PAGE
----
The French Condom Company Redefines the “Ethics” of Sex

French%20Letter%20Condoms.jpg We all know what it means to have safe sex. But what does it mean to have responsible sex? Be it during moments of intimacy or not, it could be safe to assume that very few of us think of how the average prophylactic was produced, where it came from, and its environmental impact.
Since 2007 and from a small team of three, The French Letter Condom Company Ltd has brought ethical condoms to the European market. French Letter Condoms (which was named from the British colloquialism “french letter” for condoms) reaches a market where choice of condom brand is possible and where sustainability, even in the bedroom, is relevant. But what exactly what makes a condom “ethical,” and importantly, can they be as good as the rest?

Condoms are normally made of synthetic latex, sourced from unsustainable farm practices in developing countries where the work conditions are not ideal. There is also the matter of environmental problems relating to disposal and decomposition of condoms. In this regard, many environmental groups have pointed out the damaging impacts of their use, for example, animals mistaking litter as food, smothering of reefs and asphyxiation of sea dwelling organisms, as well as the extensive time period required for the biodegradation of latex. Condom wrappings are typically non-biodegradable and there are also condoms made of plastic materials, such as polyurethane, which also do not biodegrade at all.
Martin, one of the three owners, says that French Letter condoms are certified to ensure the highest manufacturing standards in quality, as well as offer an ethical bottom line. The condoms are made from latex derived from organic farms across India and Sri Lanka are endorsed by “Fair Deal Trading,” with each packet of condoms sold contributing to the improvement of wages and healthcare standards for rubber tappers and their communities.
Usually, the wide ranging benefits of condoms are considered to outweigh their negative effects on the environment. In fact, some have seen the condom, in and of itself, as the “single most important environmental innovation.” French Letter strikes a balance between a growing product demand and meeting a sustainable business objective to ensure the product arrives to sale in a responsible manner. For this, French Letter condoms add another element to the interesting list of sustainable initiatives to be considered as we, according to the Greenpeace Eco-sex guide famously says “get it on for the good of the planet.”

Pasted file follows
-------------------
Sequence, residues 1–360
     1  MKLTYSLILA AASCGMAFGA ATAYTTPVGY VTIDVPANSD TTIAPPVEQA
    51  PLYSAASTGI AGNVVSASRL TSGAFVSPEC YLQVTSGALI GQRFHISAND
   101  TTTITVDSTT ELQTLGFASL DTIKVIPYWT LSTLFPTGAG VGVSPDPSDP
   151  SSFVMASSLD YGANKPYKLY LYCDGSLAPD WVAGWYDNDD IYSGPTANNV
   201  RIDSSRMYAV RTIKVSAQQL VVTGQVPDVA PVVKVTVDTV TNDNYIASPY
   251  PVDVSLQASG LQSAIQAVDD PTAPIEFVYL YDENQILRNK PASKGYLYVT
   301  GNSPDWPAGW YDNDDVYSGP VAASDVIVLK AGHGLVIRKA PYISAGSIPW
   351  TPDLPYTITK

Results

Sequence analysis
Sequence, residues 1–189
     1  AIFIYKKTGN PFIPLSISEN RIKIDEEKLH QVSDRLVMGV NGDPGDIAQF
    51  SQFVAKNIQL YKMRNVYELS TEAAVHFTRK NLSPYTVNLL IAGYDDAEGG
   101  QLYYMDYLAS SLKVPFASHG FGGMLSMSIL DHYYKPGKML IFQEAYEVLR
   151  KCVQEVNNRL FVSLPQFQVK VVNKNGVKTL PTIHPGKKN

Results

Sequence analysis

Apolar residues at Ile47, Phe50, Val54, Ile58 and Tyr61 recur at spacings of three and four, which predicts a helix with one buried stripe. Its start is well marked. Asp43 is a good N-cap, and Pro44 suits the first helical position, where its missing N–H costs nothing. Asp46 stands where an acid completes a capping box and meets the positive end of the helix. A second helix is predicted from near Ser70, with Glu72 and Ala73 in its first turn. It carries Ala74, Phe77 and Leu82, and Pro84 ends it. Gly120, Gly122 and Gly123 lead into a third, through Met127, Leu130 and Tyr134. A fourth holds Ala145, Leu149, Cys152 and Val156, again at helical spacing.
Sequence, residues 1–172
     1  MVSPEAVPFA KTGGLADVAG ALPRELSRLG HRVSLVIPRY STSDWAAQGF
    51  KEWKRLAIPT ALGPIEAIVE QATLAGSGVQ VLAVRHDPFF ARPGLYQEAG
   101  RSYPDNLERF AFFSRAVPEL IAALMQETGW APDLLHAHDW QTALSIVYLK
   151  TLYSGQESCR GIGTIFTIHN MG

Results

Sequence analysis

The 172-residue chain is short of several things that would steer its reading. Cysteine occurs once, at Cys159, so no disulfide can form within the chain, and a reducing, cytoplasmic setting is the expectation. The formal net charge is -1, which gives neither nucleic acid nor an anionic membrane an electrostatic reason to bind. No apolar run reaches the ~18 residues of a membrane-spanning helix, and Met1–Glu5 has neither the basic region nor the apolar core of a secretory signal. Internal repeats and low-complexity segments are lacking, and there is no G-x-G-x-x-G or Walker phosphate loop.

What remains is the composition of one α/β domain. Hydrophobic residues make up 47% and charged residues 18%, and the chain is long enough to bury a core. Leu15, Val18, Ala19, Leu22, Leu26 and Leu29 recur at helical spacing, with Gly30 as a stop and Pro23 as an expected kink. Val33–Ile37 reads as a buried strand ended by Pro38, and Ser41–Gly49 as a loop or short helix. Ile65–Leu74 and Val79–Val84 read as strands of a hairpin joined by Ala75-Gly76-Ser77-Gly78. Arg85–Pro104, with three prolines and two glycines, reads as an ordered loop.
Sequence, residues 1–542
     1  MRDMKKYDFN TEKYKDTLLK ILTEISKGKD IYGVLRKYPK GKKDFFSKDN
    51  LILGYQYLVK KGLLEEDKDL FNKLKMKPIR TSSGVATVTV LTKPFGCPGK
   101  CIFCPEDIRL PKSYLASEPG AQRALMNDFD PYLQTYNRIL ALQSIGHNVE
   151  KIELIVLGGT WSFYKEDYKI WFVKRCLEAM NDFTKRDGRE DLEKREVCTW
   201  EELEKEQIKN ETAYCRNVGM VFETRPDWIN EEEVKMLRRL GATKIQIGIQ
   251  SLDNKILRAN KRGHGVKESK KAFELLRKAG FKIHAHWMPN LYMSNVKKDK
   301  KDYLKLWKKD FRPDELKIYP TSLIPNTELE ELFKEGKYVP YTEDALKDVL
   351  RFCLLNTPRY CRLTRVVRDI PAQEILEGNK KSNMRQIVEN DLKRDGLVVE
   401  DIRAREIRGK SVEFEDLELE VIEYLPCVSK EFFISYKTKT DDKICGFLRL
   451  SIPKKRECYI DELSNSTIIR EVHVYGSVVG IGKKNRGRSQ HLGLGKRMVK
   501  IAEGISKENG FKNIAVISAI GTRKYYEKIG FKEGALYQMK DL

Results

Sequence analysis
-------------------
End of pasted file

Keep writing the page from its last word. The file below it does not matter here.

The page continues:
French Letter’s product range, which is manufactured in Germany and certified to meet European standards includes scented, studded, and silky light condoms for example, offering an array of products competitive with most conventional brands. According to the company founders, their product offers “the opportunity of making love with an eye on fair play.”
If you want to try and buy visit:
Sources and for more information check out:
Ethical Superstore
Greenpeace’s Eco Sex Guide
Greenpeace Mexico

5 responses

  1. For those primarily concerned by climate change: some condom manufacturers are making their products less carbon intensive but not even telling us! The health and well-being message which needs to be got across is (rightly) deemed more important than ‘green’ condoms.
    The chairman of the company which makes the Durex brand recently detailed how much less carbon intensive Durex condoms were becoming in a quietly-released eco-article, but their normal PR refuses to pursue the message. The company gains by reduced production costs and we gain from making our nocturnal habits less carbon-intensive!

Leave a Reply